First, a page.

The Geophysical Agency of Humans and Climate Change

Dipesh Chakrabarty

In equating the problem of global warming with the crucial but techno-economic question of transitioning from fossil-fuel based sources of energy to renewables, we sometimes lose sight of how the scientific understanding of “anthropogenic global warming” signals a very fundamental and irreversible shift in human history and human capability.

It was in 1957 that the scientists Roger Revelle and Hans Suess in a paper in the oceanography and meteorology journal Tellus proclaimed that humanity was engaged in a “large-scale geophysical experiment” by returning to the atmosphere and the oceans over a couple of hundred years the concentrated organic carbon that had been locked up in sedimentary rocks for hundreds of millions of years.

By the time the 4th Assessment Report of the Inter-governmental Panel on Climate Change came out in 2007, scientists were coming round to the view that humans had not only conducted an experiment on a vast geophysical scale but had themselves become a “geophysical force” determining the course of the climate of the planet taken as a whole. The Nobel Prize-winning chemist Paul Crutzen, along with Eugene Stoermer went to the extent of proposing in 2002 that a new geological period had dawned in human history, one marked by the geological agency of the humans. They called it “the Anthropocene” in order to distinguish it from the geological age of the Holocene, one that we have been inhabiting for some ten to fourteen thousand years.

The term “Anthropocene” is not a formal term yet and will probably be debated by geologists for some more time before it is accepted or discarded, but the idea that humans collectively – through our numbers and technology – act in the same way as very large-scale geophysical forces do in determining the climate of the planet, has come to stay. This idea has some long-term implications for the future of life on this planet, including humans.

... this is a geophysical capacity that humans never had until the present time.

That humans may have some kind of geological agency is not a new thought as such. The great American environmentalist pioneer George Perkins Marsh expressed this thought in the nineteenth century in his classic, Man and Nature: Physical Geography As Modified By Human Action (1867). But the word “geology” had only regional connotations in his use; it did not signify anything of planetary proportions.

However, when scientists speak of humans as a “geophysical force” acting on the planet today, they mean something different: that our collective emission of greenhouse gases has the same kind of impact on the planet’s climate as a whole as do forces of very large natures – such as those generated by tectonic shifts or the earth’s collision with a giant asteroid that is supposed to have wiped off the dinosaurs. For instance, paleoclimatologists say that human-induced warming of the planet has now effectively put off – with unknown consequences for the planet’s long-term carbon-cycle, its thermostat, as it were – the next ice-age that would have been due in another twenty or so thousand years.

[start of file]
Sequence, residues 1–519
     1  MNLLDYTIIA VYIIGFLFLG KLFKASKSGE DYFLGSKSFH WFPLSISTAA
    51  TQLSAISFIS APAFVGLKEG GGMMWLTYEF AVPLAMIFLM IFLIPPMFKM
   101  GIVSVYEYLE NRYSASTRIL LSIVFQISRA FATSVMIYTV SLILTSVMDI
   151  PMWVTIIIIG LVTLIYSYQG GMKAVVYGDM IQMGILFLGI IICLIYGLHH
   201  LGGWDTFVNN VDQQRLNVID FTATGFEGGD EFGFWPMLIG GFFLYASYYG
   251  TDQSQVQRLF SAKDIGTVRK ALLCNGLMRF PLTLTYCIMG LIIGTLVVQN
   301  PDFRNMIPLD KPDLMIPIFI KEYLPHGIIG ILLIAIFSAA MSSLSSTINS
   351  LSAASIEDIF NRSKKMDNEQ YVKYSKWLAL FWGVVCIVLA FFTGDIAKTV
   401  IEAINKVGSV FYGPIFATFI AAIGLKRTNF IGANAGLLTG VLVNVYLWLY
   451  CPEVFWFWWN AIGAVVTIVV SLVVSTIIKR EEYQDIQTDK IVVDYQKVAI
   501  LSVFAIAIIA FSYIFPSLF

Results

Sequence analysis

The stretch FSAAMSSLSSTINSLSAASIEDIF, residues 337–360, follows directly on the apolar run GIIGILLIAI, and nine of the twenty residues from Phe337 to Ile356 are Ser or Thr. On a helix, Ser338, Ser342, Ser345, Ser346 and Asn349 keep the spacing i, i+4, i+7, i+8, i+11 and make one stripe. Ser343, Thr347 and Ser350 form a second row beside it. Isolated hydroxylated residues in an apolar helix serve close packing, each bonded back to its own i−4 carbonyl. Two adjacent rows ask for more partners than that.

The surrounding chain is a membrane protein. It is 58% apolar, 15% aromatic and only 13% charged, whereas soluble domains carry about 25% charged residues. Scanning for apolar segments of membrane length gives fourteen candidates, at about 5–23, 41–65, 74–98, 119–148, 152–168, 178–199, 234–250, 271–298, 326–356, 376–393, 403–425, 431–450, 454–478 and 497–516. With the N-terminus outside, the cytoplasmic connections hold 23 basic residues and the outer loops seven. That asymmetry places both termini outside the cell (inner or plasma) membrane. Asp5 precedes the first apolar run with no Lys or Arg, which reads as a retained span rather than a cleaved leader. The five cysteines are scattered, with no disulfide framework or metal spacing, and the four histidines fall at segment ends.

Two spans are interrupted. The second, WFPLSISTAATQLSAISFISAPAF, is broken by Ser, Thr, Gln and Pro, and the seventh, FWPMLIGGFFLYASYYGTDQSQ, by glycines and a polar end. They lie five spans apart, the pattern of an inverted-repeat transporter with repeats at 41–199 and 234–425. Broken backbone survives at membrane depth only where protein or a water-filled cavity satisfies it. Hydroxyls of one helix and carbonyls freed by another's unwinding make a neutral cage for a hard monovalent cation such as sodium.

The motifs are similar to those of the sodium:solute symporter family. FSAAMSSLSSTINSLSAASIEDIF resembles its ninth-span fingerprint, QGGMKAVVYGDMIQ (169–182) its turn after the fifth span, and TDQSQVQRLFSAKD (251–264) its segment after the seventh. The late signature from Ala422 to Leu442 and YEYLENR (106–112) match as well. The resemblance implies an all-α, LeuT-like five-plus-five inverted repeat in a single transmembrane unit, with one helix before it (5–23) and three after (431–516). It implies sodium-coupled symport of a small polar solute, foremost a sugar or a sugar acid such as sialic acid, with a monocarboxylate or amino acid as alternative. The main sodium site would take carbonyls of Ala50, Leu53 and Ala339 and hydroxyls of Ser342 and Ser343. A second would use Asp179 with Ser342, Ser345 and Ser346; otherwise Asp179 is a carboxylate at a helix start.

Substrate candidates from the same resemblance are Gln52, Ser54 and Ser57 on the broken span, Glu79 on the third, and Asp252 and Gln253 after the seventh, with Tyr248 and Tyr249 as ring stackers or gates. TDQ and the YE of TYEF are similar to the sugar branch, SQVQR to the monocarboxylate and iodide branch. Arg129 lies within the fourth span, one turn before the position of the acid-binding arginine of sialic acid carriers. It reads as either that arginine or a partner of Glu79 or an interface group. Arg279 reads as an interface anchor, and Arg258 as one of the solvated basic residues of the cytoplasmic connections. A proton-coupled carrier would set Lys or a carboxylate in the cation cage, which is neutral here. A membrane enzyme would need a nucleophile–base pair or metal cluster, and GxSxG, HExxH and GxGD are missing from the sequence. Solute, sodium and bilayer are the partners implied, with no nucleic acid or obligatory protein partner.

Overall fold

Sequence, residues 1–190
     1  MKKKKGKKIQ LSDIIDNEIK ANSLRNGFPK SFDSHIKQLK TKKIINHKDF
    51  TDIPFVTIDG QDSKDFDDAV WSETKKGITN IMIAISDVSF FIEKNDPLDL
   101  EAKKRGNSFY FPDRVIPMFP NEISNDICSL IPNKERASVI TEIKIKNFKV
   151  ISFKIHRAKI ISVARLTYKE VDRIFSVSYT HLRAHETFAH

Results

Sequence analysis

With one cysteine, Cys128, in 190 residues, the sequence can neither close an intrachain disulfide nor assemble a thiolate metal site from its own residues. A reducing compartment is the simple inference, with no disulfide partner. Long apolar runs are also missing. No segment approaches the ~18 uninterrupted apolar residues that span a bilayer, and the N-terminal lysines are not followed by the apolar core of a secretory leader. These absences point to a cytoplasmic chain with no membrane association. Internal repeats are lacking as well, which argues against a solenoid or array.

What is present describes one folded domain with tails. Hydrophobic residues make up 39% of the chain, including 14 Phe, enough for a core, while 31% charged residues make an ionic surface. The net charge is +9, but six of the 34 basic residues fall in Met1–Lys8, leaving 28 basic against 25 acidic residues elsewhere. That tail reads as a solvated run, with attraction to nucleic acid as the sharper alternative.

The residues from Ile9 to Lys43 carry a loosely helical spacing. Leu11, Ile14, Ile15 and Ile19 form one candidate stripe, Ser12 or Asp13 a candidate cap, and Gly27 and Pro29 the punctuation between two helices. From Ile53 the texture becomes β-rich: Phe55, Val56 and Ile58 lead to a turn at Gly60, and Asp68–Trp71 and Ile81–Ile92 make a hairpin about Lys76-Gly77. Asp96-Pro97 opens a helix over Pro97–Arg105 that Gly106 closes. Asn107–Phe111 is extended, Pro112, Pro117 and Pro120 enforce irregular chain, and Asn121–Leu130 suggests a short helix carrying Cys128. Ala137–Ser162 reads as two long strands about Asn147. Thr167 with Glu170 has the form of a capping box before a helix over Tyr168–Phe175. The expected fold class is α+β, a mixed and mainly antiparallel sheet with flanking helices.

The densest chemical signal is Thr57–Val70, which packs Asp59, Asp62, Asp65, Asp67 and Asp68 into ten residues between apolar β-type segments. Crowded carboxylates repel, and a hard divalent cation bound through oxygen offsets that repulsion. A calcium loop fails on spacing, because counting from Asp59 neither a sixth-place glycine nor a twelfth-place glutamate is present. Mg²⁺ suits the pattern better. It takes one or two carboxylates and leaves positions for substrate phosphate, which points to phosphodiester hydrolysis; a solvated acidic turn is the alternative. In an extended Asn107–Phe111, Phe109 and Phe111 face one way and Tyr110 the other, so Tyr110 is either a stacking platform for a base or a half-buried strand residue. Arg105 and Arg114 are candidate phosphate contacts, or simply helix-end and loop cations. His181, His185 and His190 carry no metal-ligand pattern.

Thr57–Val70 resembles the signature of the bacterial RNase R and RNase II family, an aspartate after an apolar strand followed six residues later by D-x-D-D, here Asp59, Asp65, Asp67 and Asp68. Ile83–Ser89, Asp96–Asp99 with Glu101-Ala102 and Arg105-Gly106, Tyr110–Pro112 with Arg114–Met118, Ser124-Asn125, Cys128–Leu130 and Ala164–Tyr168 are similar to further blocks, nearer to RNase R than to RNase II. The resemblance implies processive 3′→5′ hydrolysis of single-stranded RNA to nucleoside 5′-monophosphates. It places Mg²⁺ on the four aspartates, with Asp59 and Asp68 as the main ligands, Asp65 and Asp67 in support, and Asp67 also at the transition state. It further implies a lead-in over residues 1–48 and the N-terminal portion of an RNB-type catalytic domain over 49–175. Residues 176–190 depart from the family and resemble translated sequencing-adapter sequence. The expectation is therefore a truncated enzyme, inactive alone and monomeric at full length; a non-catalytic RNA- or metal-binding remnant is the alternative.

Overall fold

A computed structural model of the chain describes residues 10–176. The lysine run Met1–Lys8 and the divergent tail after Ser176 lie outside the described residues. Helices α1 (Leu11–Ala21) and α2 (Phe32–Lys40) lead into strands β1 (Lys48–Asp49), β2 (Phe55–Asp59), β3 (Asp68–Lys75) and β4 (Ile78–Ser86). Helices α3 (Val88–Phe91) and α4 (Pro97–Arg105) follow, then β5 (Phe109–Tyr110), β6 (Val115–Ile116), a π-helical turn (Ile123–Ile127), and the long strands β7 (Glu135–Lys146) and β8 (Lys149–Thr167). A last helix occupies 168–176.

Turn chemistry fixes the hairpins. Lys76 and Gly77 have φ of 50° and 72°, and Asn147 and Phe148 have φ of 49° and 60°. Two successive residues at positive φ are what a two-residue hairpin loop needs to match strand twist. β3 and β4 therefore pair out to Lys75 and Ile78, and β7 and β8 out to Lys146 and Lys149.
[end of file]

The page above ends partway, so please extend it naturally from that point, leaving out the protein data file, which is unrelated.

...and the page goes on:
David Archer remarks in his book, The Long Thaw: How Humans Have Changed the Climate of the Planet for 100,000 Years (2009) that “mankind is becoming a force in climate comparable to the orbital variations that drive the glacial cycles.” This is a geophysical capacity that humans never had until the present time.

An interesting fall out of paleoclimatologists’ claim that humans have now become a geophysical force has been a political debate. For the argument has elicited from many social-science scholars and activists the response that since only some humans – the relatively affluent ones – are mostly responsible for the emission of greenhouse gases, it would be wrong to describe either the climate problem as “anthropogenic” or all humans as having a geophysical force. They suggest instead that the capitalist mode of production be itself seen as something that has acquired a geophysical agency in its drive to bring the entire planet under its own sway.

... only reinforce the point that our geophysical agency, considered over scales of time that matter to humans, is now irreversible.

This argument, while justifiably drawing our attention to issues of historical responsibility for the emission of greenhouse gases, is not fully persuasive. The size of human population will increasingly be a very important factor in global energy consumption and hence in climate-related questions as China, India, and other populous countries attempt to lift their standards of living.

The increase of human population has mainly taken place in countries that have, historically, been less industrialized. So the historical responsibility for the population-factor in the climate crisis lies with them. Secondly, one also has to explain why the leaders of these nations today want to follow the same path of economic development that is identified with industrial nations.

These questions apart, some geologists have speculated that sustaining a large human population – say, some nine billion, assuming that a worsening climate does not precipitate population collapses in some parts of the world – at a high standard of living may actually require humans to develop technologies for harvesting additional solar energy in space in order to direct it to the planet to serve human needs. If such seemingly science-fiction scenarios come to pass one day, they will only reinforce the point that our geophysical agency, considered over scales of time that matter to humans, is now irreversible.

Dipesh Chakrabarty is the Lawrence A. Kimpton Distinguished Service Professor of History at the University of Chicago and a Faculty Fellow at the Chicago Center for Contemporary Theory.

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